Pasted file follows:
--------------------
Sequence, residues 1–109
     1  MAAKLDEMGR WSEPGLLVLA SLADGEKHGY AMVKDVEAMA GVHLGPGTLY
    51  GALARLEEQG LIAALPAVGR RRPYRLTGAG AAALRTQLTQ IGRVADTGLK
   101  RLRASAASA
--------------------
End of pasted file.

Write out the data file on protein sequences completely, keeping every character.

Sequence, residues 1–109
     1  MAAKLDEMGR WSEPGLLVLA SLADGEKHGY AMVKDVEAMA GVHLGPGTLY
    51  GALARLEEQG LIAALPAVGR RRPYRLTGAG AAALRTQLTQ IGRVADTGLK
   101  RLRASAASA